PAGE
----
Organpipe cactus (Stenocereus thurberi) at sunset. This species is mainly found in northern Mexico, in the Sonora Desert and on Baja California, with a small population in the extreme southern United States, especially in the Organ Pipe Cactus National Monument, Arizona, where this picture was taken. In Spanish, it is known as pitaya dulce, meaning ‘sweet pitaya’. The word pitaya refers to edible fruits of several Mexican cactus species. (Photo copyright © by Kaj Halberg)

 

 

Jylland 1996-99
Barn swallows (Hirundo rustica), resting on a ventilation shaft on a farm building, Jutland, Denmark. (Photo copyright © by Kaj Halberg)

 

 

Asien 1972-73
Poplars (Populus) stand out against the snow-clad Alborz (Elburz) Mountains, northern Iran. (Photo copyright © by Kaj Halberg)

 

 

Asien 1977-78
Indien 1994
Morning sunshine creates contours around these southern plains langurs (Semnopithecus dussumieri), sitting in a tree in Ranthambhor National Park, Rajasthan, India. – Read about langurs, as well as many other monkeys, elsewhere on this website, see Animals: Monkeys and apes. (Photos copyright © by Kaj Halberg)

 

 

Sjælland 1969-2005
These women, who have been walking their dogs in a park in Copenhagen, Denmark, are now sitting on a bench, chatting. (Photo copyright © by Kaj Halberg)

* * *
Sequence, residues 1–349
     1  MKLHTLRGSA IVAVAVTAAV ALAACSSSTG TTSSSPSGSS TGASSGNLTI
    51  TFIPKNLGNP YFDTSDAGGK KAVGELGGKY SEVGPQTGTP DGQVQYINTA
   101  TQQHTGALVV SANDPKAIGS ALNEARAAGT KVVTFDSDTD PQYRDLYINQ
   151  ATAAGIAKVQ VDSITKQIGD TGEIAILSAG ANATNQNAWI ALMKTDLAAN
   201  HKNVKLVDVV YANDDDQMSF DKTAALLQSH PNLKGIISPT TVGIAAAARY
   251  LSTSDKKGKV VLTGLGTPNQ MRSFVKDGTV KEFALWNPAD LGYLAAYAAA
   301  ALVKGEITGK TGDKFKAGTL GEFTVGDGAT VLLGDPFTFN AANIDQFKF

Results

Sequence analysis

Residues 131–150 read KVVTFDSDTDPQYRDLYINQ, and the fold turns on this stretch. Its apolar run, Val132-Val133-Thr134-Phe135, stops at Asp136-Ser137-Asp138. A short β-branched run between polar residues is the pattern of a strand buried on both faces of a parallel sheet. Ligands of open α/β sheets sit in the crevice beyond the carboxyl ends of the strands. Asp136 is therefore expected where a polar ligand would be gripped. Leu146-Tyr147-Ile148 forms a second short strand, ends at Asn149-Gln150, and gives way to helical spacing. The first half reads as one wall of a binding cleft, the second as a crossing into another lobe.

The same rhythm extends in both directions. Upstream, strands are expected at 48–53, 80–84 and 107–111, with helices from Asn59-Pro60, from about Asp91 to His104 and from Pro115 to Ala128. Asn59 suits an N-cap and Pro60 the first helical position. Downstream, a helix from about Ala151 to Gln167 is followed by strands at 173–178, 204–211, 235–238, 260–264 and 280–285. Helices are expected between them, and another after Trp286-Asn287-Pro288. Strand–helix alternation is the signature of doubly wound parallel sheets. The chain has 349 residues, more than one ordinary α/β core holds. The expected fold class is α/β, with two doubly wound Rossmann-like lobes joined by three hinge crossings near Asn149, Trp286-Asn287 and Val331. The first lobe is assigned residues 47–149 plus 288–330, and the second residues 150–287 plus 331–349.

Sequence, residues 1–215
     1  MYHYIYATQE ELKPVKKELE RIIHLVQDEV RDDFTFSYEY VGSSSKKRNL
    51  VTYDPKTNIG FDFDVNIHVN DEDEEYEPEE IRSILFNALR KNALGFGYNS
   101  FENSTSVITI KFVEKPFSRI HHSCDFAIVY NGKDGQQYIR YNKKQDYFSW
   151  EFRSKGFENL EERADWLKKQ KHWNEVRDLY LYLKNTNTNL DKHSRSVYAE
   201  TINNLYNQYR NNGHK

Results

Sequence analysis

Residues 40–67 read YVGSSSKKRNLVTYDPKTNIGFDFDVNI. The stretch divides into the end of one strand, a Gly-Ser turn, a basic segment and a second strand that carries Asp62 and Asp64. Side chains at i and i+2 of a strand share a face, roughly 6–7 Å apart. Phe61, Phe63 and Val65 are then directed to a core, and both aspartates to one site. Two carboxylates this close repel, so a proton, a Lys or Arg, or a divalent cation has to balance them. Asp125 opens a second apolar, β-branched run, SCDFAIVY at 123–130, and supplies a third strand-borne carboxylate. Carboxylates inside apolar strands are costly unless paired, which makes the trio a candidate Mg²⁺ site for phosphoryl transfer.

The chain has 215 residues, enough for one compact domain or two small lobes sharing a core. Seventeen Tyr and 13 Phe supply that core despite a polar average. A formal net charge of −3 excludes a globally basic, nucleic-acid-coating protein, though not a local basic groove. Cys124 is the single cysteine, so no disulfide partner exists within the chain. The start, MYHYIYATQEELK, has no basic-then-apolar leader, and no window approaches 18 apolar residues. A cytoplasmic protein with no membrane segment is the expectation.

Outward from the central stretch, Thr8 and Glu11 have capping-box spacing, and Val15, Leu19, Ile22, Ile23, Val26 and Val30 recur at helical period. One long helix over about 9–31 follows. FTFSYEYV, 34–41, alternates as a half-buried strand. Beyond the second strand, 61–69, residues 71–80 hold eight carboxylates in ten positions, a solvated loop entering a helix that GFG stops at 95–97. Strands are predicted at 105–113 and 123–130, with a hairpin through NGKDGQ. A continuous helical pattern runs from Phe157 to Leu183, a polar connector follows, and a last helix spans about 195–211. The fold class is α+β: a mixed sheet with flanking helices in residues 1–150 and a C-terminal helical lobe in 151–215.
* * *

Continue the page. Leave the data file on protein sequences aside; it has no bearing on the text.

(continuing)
Nepal 1987
Man, washing his child in the Rapti River, southern Nepal. (Photo copyright © by Kaj Halberg)

 

 

Taiwan 2018c
In most of its distribution area, the grey, or Himalayan, treepie (Dendrocitta formosae) is a rather shy forest bird, mainly found in montane areas. In Taiwan, however, it lives almost down to sea level, often in cities, where it has become accustomed to people. This one is sitting on an antenna in the city of Taichung. (Photo copyright © by Kaj Halberg)

 

 

Chorten Tso Kar 1_resize
Chortens are the Tibetan variety of Buddhist stupas, whose various parts symbolize the elements, the base representing soil, the dome water, the rings or squares above the dome fire, the half-moon air, and the uppermost point – sometimes a small sun – space. Early in the morning, this chorten stands out against the barren hills surrounding Tso Kar, a saline lake in Ladakh, India. – Read more about chortens – and about Buddhism in general – on this website, see Religion: Buddhism. (Photo copyright © by Kaj Halberg)

 

 

Guatemala 1998
The black vulture (Coragyps atratus) is a widespread and common scavenger, found from south-eastern United States, south to Chile and Uruguay. Although it mainly eats carrion and garbage, it is also able to kill smaller animals, notably newly hatched sea turtles, making their way towards the sea. In this picture, a black vulture is sitting on a pole near the Pacific Ocean, Monterrico, Guatemala. (Photo copyright © by Kaj Halberg)

 

 

Frankrig-Spanien 2007
The silhouette of this rock in Gorge du Tarn, Cévennes, France, resembles a dancing couple. (Photo copyright © by Kaj Halberg)

 

 

Nepal 1998
Chestnut-headed bee-eaters (Merops leschenaulti) gathered at their night roosting site, Chitwan National Park, Nepal. This species is widely distributed, from the Indian Subcontinent east to southern China, and thence south through Indochina and Malaysia to Indonesia. It is mainly found in highlands of moderate elevation, breeding in open woodland. (Photo copyright © by Kaj Halberg)

 

 

Bornholm 1977-96